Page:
Country: Nicaragua

Fighting Hunger through Agriculture in Nicaragua

Five years ago, Convoy of Hope launched our Agriculture Initiative to teach impoverished farmers how to grow more abundant, disease-free crops. Under the guidance of our own Dr. Jason Streubel, tens of thousands of farmers in four countries have been able to grow crops that now feed their families and produce an income when the extra harvest is sold at market.

For the last two years, Calixta Cruz has directed our Agriculture Initiative in Nicaragua. Because she came from an impoverished farming family herself, she loves teaching farmers — especially students — how to grow crops that thrive so their lives are changed for the better.

What kind of obstacles have you faced?

My father passed away when I was five years old so my brother had to work to support our family. My mom baked bread in the morning and my sister and I would help her make the bread and sell it after school. I graduated high school in 2007 and wanted to attend university, but I didn’t get a scholarship. I shared a room with six other students and worked hard my first year, then got a scholarship my second year. I graduated with the highest grades in my class. I want people to know that anything is possible.

What’s your favorite part of working for Convoy?

When I go to see the school gardens. Kids ask me to teach them about the garden and ask if they can help. Several students have gardens at home now, and they’ve shown their neighbors how to start gardens too. I like to remind the kids they have to fight for what they want and can’t let any obstacles get in their way.

What was your most memorable moment working at Convoy?

I was working with sixth graders at a school, and we were sifting through soil for our garden, taking out glass and stones. I noticed that the kids were laughing nonstop and realized they had put a dead mouse in the dirt where I was working and I grabbed it without even realizing it! It was so funny!

Outside of work, what do you like to do?

I love talking with my family and I spend a lot of time thinking about work and how to improve things for the people we serve. I also enjoy going to church, the movies and hanging out with friends.

COMMENT
  • Facebook
  • Twitter
  • Email
  • Pinterest
Agriculture / Staff Spotlight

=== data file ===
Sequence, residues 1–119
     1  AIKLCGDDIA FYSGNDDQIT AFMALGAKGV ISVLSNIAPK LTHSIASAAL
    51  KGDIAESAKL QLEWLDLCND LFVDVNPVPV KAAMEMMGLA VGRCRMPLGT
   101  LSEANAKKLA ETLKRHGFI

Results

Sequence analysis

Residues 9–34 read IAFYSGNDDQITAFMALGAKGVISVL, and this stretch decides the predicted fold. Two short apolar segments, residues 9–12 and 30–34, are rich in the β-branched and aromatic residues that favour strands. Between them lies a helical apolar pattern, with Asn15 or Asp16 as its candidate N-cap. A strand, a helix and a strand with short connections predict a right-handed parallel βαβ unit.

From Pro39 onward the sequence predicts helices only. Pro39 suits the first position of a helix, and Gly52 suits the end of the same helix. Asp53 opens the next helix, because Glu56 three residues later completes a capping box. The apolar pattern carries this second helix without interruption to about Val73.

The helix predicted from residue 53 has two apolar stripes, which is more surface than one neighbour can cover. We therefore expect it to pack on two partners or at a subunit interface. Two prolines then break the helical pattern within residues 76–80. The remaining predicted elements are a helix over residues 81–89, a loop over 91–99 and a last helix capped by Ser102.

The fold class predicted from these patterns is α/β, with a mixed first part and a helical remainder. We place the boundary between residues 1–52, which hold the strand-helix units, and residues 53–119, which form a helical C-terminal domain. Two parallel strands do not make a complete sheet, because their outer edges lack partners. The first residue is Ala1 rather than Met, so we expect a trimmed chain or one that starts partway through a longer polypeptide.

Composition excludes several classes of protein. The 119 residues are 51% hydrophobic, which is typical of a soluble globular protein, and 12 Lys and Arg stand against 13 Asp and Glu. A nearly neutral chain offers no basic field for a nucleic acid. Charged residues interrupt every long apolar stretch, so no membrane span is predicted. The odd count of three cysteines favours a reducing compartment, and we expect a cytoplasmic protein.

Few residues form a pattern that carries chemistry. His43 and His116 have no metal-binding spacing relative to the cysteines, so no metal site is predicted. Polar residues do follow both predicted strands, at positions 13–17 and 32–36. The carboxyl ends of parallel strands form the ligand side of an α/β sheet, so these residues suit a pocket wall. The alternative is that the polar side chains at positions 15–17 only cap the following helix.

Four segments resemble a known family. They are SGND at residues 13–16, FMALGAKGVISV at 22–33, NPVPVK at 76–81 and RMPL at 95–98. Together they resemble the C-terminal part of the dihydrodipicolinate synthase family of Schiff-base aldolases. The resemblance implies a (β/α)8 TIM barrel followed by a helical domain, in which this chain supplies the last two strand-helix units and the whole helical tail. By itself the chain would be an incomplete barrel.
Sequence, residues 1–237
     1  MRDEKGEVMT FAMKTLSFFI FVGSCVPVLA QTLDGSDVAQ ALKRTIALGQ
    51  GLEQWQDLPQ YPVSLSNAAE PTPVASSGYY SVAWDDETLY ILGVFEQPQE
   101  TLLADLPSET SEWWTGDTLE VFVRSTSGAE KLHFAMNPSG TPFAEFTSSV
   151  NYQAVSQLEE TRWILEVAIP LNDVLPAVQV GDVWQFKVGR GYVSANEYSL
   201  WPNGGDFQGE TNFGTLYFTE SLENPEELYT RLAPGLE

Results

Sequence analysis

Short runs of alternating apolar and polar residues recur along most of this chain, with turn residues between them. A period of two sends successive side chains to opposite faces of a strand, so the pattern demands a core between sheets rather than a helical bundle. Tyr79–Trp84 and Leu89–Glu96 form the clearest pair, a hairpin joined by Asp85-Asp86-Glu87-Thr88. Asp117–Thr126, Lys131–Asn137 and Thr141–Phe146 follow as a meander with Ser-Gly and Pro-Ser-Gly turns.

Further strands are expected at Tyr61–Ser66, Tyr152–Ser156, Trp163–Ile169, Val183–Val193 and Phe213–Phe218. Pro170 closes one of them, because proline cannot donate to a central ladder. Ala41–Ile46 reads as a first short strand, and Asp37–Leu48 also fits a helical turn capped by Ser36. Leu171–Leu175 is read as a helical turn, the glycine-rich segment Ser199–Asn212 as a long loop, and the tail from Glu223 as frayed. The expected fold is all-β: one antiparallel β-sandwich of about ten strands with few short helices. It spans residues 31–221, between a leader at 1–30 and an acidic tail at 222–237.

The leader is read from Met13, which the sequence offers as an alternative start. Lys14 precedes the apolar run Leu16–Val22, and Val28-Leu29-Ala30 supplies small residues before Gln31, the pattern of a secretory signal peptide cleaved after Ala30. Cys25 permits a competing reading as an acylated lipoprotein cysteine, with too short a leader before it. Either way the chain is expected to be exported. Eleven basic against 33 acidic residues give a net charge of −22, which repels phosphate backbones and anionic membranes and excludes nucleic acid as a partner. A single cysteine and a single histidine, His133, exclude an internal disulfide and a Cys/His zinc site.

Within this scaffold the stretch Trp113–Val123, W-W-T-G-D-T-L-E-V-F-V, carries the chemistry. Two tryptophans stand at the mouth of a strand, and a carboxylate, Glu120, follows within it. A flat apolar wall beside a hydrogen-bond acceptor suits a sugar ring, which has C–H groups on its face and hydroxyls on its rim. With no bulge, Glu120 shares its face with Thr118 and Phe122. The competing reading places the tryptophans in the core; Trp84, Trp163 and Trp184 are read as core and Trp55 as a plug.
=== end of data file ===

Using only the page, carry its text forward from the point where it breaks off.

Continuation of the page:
A Day Without Water

Have you experienced a day without water? There are many things you can’t do —  drink, bathe, cook food, wash your hands, use the toilet, wash dishes, wash clothes, clean the house, give water to your pet or make ice.

Such a simple liquid is vital for daily life.

Pacaya Community, El Crucero Municipality, is a community located in the only plateau of Nicaragua, 900 meters high, and has historical problems with drinking water, which has been exacerbated with a two year drought.

At the School Jose Cecilio del Valle, there are 133 children who live without potable water 365 days a year. The children go to school without taking a shower and with dirty clothes. It’s an ordeal to prepare food for the family. Oftentimes, the mother has to get up early and walk two kilometers to buy a bucket of water. Lack of water perpetuates diarrhea, skin diseases, lice and other parasites that do not allow children to absorb the nutrients from the food they receive.

But at Convoy of Hope, we cannot conceive a nutrition program divorced from water and sanitation. Every child — in addition to being well fed — deserves access to clean and safe drinking water. We recognize the importance of that and are working towards implementing WASH (Water Access, Sanitation & Hygiene) programs at each of our feeding centers.

Today, I challenge you. Every time you turn on the faucet, remember the millions of families without access to clean and safe water.

COMMENT
  • Facebook
  • Twitter
  • Email
  • Pinterest
Children's Feeding / Program Updates
A child in Nicaragua is measured by a local team member. A child in Nicaragua is measured by a local team member.

Lunch is Served: a growth evaluation